Investigated – “Borrowed” and “Stolen” Elements

Posted November 10, 2014 by Emz Chang in Investigated / 5 Comments

investigated

What do I mean by “borrowed” elements? I mean elements are in one book and seem to be “borrowed” from another. Now that we got that cleared up… This topic pisses me off on so many different levels. It’s just so frustrating because I have two different contrasting opinions about it.

Sometimes I hate it when people accuse authors of “borrowing” or “stealing” elements of one book for their own. So maybe this opinion is based on my belief that people are always innocent until proven guilty, but it’s really not fair. People can have similar ideas. Deal with it. Just because they sound the same doesn’t mean they are the same. Just because there are many similarities between Harry Potter and Percy Jackson doesn’t mean Rick Riordan copied J.K. Rowling. Just because a group of teenagers are trapped in a maze in The Maze Runner doesn’t mean James Dashner copied Suzanne Collins who trapped people in the area in The Hunger Games. (In fact The Maze Runner was first published before The Hunger Games so ha!) A lot of times “stolen” and “borrowed” ideas are not actually stolen or borrowed. A lot of times they are just coincidences. It’s just like if I had named my discussion posts “Discussed” instead of Investigated. Am I stealing someone else’s idea if they named their discussion posts “Discussed” before me?

I spent all that time defending the authors but now I’m going to argue for the other side. I said before a lot of times the similarities between ideas are just coincidences. But what happens when it becomes obvious the parallel between the two books was intended. When do coincidences stop being coincidences and intentional copying?

When I do suspect books are copies of others with different details, I usually follow Cammie’s rule on discovering tails (from The Gallagher Girls series by Ally Carter). She says “Once is a stranger. Twice is a coincidence. Three times and you know you’ve got a tail.” The first time I notice a parallel between books, I just dismiss it. Unfortunately a lot of YA books now a days seem to be following of formula of some sort so it isn’t uncommon to find a lot of similarities between different books. The second time I see a resemblance I consider it a coincidence. The third time it happens, I’m way more suspecting and now on the lookout for more correspondence between the two books. And when I say I think a book is displaying an element of another, I don’t mean things like they both have love triangles and revolves around a girl who just discovered she has superpowers. No, I mean more specific things. Like for instance, if in a book the population is split into towns based on characteristic and their is a town that wants to control all the others and there happens to be someone that defies expectations and doesn’t really belong in one single town… Ring any bells? Sound like Divergent much? Those are kind of the details I mean.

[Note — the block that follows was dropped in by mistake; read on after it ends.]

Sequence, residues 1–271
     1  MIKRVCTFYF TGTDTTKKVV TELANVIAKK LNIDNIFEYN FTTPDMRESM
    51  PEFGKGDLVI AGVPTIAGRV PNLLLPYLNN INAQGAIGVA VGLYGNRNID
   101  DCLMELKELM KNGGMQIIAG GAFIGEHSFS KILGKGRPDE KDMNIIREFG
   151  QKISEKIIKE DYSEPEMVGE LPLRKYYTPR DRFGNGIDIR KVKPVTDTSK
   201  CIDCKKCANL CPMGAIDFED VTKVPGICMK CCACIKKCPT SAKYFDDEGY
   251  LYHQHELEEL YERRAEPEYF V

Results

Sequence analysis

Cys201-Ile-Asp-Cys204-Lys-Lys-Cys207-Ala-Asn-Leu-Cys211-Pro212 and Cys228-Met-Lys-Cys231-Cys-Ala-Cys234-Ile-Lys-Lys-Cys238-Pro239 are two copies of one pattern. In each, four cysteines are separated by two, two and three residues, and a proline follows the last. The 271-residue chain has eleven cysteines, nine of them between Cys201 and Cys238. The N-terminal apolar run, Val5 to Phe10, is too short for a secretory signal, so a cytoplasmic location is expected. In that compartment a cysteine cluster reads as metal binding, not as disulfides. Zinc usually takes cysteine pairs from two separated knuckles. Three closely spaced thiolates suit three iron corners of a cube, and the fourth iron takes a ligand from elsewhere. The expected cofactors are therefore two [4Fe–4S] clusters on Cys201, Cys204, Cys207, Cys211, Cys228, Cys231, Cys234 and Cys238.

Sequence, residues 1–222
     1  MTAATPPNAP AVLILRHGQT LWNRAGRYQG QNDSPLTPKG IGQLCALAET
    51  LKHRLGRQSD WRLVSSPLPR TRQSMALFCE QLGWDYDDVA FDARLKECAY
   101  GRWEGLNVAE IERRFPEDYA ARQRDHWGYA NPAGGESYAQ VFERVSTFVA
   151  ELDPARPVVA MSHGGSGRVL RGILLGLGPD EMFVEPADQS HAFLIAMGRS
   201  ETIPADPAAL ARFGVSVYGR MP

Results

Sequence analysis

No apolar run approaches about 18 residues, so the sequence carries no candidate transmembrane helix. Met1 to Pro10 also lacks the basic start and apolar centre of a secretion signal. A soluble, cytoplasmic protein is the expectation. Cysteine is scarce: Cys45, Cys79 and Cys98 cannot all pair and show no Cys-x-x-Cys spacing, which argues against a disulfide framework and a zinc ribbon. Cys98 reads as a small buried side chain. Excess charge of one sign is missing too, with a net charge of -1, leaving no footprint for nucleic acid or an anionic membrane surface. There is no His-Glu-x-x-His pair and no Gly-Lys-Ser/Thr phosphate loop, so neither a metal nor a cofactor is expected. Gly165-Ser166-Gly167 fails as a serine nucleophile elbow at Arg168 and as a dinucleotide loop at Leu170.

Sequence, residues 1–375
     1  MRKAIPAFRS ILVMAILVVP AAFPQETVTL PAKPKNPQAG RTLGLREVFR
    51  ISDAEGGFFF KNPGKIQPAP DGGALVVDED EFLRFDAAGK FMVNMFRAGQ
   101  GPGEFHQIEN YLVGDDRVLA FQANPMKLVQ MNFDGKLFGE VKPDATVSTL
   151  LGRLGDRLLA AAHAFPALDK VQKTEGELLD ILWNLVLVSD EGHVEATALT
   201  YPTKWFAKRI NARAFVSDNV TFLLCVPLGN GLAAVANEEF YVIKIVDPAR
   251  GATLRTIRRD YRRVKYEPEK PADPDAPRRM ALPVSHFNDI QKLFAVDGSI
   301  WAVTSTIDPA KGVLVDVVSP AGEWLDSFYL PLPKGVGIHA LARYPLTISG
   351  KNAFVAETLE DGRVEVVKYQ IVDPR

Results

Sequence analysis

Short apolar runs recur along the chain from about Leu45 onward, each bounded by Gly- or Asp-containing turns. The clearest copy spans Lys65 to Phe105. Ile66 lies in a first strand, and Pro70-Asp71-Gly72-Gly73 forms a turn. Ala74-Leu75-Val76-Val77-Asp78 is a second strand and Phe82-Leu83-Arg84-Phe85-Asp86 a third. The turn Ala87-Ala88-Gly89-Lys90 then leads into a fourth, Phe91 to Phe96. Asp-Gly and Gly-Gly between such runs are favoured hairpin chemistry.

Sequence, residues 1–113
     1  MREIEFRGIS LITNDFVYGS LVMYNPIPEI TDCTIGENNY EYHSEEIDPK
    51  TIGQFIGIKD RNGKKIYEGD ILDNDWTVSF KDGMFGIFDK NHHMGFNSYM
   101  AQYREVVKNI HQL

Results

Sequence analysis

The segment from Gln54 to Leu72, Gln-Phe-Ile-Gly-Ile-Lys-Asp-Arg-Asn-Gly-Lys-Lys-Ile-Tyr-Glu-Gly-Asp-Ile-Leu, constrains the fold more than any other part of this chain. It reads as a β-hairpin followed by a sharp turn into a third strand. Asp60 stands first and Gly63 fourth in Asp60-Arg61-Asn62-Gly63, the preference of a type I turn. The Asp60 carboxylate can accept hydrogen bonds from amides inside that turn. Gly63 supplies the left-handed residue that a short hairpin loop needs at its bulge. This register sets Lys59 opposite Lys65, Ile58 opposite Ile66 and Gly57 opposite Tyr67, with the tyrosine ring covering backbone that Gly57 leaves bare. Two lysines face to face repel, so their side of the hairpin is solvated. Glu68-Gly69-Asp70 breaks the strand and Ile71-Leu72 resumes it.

But honestly, that doesn’t happen a lot. Most of the parallels I usually see are results of the stupid formula. I get that people want to sell books and that by following a pattern that has proven to work kind of ensures the book will sell, but come on. Originality is the best way to go. But whatever, I already talked about the cursed formula and the lack of originality in YA before so…

Sorry if I confused you with my two different perspectives.
But what did you think?
How do you feel about “borrowed and “stolen” elements?

Emz Chang

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5 responses to “Investigated – “Borrowed” and “Stolen” Elements

  1. I like the saying there’s nothing new under the sun. People have the same ideas without knowing anything about the other. But you’re right about stories with similar details that seem quite obvious. Be original people. Also I don’t enjoy reading the same story repackaged and I’m sure others feel the same.

    Julie recently posted: Interview with Kate Perry
  2. I think it must be really hard to come up with an original story so I totally agree that sometimes it isn’t intentional and we should allow some leeway when authors are just following the formula for their genre. I do get wound up when that translates into basically rewriting the whole book with a few changes. The Hunger Games probably has the most rip-off versions and I tend to steer away from those sort of books now because I can’t believe how blatant a copy they are! I’ve heard that The Iron Trial is pretty much Harry Potter rewritten but I want to see for myself so I just borrowed it from the library!

    Charlotte @ Books and Baby etc. recently posted: Do you share other people's posts?
    • I hate it when other books seem to be imitations of others. I get the original was great and it makes sense why people would want to copy it, but seriously? I would pay more to read a totally original novel (especially nowadays) versus a novel that seems like a replica of another with a few tweaks.

      Thanks for stopping by Charlotte! 🙂